That noted, for regulators like the Fed, it is no doubt healthy to ask if our own supervisory efforts were up to even our own standards. The phrase "lessons learned" pops up. Of course, this asks us to establish what we should have seen before in real time were it not for our processes and behaviors. Yet, those processes and behavior were hardly arbitrary: They surely reflected a balancing of risks and hence of the puts and takes I mention above. Just because you missed a flight doesn't mean you should change when you usually get to the airport. So, there perhaps is a bias to reaction that we need to keep in mind.1

Point 2: Silicon Valley Bank (SVB) and the rest: less than meets the eye? Yes, it is true that SVB, among the others that failed, had a lot of uninsured deposits, more than 90 percent, at peak. Yes, it's true that some had a few giant funders. Yes, extreme maturity mismatch seemed clear. So far, so bad, we might say.

But the economics is not entirely obvious. One facet of banking is that management needs oversight — with market discipline being one source. Banking at its best is about information-intensive lending and may thus be open to gaps in information between those running it and those funding it. Classic papers have shown us how uninsured deposits and the threat of a run might actually discipline bank management. This is important because it at least starts with the data: We see bank depositors forgoing the comfort of deposit insurance, and now we have a possible reason — even outside feeling implicitly protected by the taxpayer.

Next, consider asset-liability mismatch. Start with the good news — SVB, among many, held almost only the safest kinds of assets when it comes to credit risk: Treasuries and agency MBS. So, you might say they were not running a full-blown casino.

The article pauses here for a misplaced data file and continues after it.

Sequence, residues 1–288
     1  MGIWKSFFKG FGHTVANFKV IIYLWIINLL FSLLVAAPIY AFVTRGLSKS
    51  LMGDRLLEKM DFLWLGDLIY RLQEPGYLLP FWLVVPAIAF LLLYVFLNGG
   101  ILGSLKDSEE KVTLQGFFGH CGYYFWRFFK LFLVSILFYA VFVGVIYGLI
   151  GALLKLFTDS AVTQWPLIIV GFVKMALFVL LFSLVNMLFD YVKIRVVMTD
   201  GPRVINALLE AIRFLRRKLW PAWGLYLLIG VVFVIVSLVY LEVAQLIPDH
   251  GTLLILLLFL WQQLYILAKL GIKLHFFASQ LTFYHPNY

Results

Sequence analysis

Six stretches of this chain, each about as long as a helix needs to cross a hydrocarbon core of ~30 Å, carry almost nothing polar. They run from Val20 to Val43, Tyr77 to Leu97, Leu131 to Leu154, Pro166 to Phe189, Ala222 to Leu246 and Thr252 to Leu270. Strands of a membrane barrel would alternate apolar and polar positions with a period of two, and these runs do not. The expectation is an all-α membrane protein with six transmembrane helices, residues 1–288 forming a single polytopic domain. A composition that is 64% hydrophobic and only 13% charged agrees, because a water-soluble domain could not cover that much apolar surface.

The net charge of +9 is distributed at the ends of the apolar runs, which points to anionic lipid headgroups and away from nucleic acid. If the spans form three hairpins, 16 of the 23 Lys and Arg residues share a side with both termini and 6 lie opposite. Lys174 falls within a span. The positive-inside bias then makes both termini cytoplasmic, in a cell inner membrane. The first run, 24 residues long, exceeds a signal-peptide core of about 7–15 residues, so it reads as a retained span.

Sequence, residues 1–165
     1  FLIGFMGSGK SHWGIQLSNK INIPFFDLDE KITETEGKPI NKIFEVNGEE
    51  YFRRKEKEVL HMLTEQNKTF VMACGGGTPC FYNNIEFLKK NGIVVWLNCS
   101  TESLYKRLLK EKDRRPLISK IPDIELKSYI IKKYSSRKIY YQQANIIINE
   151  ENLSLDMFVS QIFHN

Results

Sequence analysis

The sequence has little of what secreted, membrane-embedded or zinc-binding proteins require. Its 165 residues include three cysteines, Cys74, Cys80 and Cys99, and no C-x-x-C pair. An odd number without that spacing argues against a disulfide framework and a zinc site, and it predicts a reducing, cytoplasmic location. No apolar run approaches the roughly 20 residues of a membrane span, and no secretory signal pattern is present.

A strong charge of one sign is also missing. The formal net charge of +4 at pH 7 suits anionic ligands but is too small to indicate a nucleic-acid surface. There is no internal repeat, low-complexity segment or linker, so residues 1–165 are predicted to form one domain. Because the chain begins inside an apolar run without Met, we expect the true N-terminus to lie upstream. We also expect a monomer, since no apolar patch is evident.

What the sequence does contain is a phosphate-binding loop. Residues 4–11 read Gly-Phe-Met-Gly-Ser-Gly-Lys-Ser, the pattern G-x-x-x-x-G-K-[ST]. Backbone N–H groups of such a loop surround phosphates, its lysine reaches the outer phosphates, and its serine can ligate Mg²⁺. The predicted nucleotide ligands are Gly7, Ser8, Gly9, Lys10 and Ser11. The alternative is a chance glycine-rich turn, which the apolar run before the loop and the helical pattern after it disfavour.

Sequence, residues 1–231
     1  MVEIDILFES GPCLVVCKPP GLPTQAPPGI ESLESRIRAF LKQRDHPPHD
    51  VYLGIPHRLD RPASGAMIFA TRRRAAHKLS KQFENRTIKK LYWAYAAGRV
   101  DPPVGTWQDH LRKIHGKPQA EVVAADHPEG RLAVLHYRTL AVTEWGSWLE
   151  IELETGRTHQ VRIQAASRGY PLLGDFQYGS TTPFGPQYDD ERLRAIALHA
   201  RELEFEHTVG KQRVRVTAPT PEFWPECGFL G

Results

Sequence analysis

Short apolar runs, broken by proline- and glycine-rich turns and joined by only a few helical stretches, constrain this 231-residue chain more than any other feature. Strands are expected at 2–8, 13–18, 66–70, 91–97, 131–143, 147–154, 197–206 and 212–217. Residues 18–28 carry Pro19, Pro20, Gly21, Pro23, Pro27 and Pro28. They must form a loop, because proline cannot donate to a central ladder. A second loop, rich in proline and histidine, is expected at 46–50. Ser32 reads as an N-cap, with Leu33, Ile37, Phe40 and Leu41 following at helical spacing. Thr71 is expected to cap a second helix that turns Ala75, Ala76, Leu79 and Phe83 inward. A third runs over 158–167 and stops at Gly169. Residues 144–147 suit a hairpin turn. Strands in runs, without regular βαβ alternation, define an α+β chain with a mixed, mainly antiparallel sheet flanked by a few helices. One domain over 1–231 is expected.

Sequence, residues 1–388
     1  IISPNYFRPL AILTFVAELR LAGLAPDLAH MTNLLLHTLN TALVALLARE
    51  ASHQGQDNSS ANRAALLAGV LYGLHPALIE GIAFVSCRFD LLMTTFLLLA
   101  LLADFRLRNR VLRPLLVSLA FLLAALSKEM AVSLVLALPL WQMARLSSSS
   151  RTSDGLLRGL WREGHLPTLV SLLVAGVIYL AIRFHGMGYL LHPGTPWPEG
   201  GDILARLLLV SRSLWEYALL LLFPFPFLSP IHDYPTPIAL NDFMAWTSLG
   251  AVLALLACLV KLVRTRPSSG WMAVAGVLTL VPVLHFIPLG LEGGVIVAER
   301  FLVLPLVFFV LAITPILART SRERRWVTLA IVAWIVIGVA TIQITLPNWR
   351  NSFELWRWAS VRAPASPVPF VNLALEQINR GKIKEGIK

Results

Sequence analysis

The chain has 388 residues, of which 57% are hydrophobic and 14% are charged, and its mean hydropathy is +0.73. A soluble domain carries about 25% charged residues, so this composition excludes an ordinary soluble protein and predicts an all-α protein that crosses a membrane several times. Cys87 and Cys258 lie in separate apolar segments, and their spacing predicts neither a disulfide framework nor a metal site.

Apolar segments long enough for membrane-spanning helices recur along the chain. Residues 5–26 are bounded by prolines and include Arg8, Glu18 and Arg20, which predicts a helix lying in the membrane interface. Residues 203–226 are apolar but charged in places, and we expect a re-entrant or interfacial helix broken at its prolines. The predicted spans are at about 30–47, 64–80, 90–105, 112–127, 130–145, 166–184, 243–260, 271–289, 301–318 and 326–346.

Add to all this the unprecedented speed of interest rate normalization by the Fed, and it's not hard to tell a story where the kind of inattention that prevailed following a decade of placid times, followed by a booming recovery from the pandemic, would have left a lot of parties — bank management, depositors, and regulators among them — not quite sure of how well, or maladapted, their business models really were. Think back to January 2022: If we said to any bank, you need to be prepared for a 450 bps-plus rise in rates within 12 months. As Richmond Fed work has documented — this was an extremely quick normalization of policy.

How about the asset side of the entities? Well, as I noted, those were pretty gold plated and, held to maturity, would deliver the goods. Only in a run would they need to be sold at the now-much-lower market prices that prevailed. But if the deposit base was concentrated, and known to management and each other, why would one suspect a run even once mark-to-market value was lost?

Still, it seems undeniable that SVB and the others that failed did take on risk: long-term assets, large uninsured deposits, a concentrated customer base, which likely would open the door to correlated reaction and (even) needs. So, the assets look fine, but the combo was in a clear sense risky.

What about the siren of "narrow banking"? Well, SVB already had one part of that locked down: They held a lot of very (very!) safe assets. But this leaves maturity mismatch — their assets were long maturity. An answer here comes from the most recent Nobel Prize winners Doug Diamond and Philip Dybvig, and it is that narrow banking misses out on something socially valuable. Namely, banking can be viewed as a brilliant social invention to provide society with liquidity insurance while letting it benefit from long-gestation investment. So yes, we could make banking safer (at least inside the regulated sphere, which is a point I won't develop further) via insisting on less maturity mismatch. But Diamond and Dybvig tell us that we'd be missing out on the "maturity transformation" that is at the core of the value proposition banking brings us.2